- Constructive Criticism. “That was an excellent sermon” or “you looked nervous…” or “I’m not sure you’re cut out for this”, are not good ways to encourage your intern. Giving insightful critique of a lesson, sermon, counseling session, etc. Help the intern understand how he can better apply what he is learning in seminary.
- Do not muzzle the ox. This one is a bit controversial. I hesitated to include it. There are churches out there with multiple interns and limited funds. Funding an internship is not always possible. Often times, interns will serve on a part-time basis, completing only a few internship hours a week. In these cases, an unpaid internship can be a suitable and fair arrangement. However, it is important to realize (especially in a full-time setting) that an intern might already be working twenty hours a week in the secular world and forty hours a week studying. He must also care for his family well. Additionally, he needs internship hours to graduate from seminary. If a church has the funds to do so, they ought to compensate him in some way to support him in the work that he is doing. When I have served as a full-time intern, the churches that I have served at have been very supportive of me financially and have helped me in this.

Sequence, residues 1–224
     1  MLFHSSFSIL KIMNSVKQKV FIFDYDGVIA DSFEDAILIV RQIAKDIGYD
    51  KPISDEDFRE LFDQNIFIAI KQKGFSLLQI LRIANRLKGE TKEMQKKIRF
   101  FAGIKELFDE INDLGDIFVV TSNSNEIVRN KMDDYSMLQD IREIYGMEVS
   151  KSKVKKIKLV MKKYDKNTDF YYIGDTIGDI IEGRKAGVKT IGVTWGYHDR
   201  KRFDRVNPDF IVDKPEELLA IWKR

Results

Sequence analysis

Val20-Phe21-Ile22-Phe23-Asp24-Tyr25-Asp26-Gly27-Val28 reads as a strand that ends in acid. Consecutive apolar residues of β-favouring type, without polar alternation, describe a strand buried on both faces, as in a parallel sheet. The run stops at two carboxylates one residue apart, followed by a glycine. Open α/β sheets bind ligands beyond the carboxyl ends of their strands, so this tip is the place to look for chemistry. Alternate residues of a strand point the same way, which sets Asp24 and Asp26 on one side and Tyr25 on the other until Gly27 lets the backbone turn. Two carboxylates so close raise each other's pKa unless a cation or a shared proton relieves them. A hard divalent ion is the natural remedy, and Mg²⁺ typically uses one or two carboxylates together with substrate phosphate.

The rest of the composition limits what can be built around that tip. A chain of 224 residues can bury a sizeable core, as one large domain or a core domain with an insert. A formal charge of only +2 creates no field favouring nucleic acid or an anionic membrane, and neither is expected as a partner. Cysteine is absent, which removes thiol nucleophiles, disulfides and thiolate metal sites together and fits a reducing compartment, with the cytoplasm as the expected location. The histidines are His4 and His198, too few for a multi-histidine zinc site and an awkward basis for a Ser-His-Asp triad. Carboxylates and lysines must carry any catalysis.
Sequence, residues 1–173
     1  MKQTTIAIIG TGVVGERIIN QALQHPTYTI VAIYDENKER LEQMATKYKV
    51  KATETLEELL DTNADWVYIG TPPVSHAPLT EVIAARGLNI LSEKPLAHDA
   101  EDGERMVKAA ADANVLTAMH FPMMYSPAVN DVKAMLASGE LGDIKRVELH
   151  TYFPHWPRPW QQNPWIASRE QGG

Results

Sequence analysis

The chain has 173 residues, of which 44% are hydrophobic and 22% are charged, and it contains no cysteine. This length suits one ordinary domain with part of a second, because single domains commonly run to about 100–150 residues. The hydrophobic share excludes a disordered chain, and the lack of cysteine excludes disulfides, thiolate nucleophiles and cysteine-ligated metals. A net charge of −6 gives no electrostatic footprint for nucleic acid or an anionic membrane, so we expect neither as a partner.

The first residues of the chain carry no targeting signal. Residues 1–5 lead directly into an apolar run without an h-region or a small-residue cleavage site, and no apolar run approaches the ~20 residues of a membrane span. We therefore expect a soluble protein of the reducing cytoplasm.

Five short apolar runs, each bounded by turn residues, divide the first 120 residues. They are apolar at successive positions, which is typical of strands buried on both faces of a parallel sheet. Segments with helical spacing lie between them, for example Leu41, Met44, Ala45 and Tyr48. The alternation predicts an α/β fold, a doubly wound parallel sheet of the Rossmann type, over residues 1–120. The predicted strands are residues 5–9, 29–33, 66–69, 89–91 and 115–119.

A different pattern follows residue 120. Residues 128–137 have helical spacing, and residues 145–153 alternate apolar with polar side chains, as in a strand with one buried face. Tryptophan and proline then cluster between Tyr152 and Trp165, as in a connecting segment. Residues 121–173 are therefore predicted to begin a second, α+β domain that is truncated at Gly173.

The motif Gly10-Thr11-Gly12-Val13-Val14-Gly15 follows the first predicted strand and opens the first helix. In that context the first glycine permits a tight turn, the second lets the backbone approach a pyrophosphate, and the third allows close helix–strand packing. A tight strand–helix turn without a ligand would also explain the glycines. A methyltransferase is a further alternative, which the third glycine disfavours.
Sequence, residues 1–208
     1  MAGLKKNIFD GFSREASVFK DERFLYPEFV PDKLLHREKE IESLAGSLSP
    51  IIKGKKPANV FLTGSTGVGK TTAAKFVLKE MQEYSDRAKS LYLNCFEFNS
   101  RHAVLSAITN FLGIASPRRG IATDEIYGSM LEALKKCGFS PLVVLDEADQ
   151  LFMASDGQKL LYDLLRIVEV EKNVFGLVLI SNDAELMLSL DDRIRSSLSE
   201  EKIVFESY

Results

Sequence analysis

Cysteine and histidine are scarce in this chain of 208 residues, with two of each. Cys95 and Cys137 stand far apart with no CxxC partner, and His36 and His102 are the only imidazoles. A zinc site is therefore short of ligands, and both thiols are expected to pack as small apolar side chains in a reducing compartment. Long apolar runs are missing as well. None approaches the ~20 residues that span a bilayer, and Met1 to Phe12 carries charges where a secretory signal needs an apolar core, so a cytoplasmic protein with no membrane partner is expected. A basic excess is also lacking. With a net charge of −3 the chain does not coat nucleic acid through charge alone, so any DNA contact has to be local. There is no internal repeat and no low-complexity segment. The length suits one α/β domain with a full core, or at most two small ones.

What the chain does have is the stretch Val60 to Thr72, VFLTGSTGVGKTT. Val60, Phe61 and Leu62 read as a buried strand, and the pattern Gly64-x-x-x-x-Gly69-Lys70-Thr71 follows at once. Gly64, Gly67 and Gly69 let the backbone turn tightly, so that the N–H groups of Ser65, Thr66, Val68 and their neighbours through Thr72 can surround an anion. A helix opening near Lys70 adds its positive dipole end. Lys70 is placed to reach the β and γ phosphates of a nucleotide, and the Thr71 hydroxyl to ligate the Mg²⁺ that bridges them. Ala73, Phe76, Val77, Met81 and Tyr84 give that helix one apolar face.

An intern must approach an internship not with a “what can I get from this” attitude. Rather, “how can I give” and “what can I learn”. A ministerial candidate should recognize that an internship can train them for ministry in a way that jumping into full time ministry can’t. I think of medical school. Each medical school has an internship and residency program for their doctoral candidates. Before a surgeon can cut into a patient, he must learn how to assess whether a patient needs to be cut into (and he needs to be able to do it successfully). In the same way, the humble ministerial candidate ought to submit himself to the oversight of a local congregation who will help him identify his calling and gifting in ministry. He ought not to expect special privileges, or to jump into the pulpit on his first week there. He ought not to try to correct the pastor or session. He is there to learn and listen.
This is very different than being hired in a full-time position to lead. An intern ought to cherish the opportunity to learn. In my internships, one of the best things that I learned was to be an intern. To be one who was given an immense privilege that others may not receive. To be able to learn from and gain the wisdom and experience of a seasoned pastor. Money can’t buy something like that. So when looking for internship programs, don’t be looking for the best paying program, but rather the one where you will get the kind of ministry exposure that you will need later in your own ministry.
I wouldn’t trade the three internship experiences that I had for the world. All three were well crafted. The men who helped to form me as a pastor were able to help me in a way that a full-time job couldn’t. If you are looking for an internship program here at RTS, there are several out there. The program that I participated in is called ROCMAS (River Oaks Ministry Associate Scheme). I would certainly commend this program as an excellent program for those who are looking for further ministerial training outside of the seminary. The kinds of lessons that we go through each week, I would say, are of the same quality as what I am getting at seminary.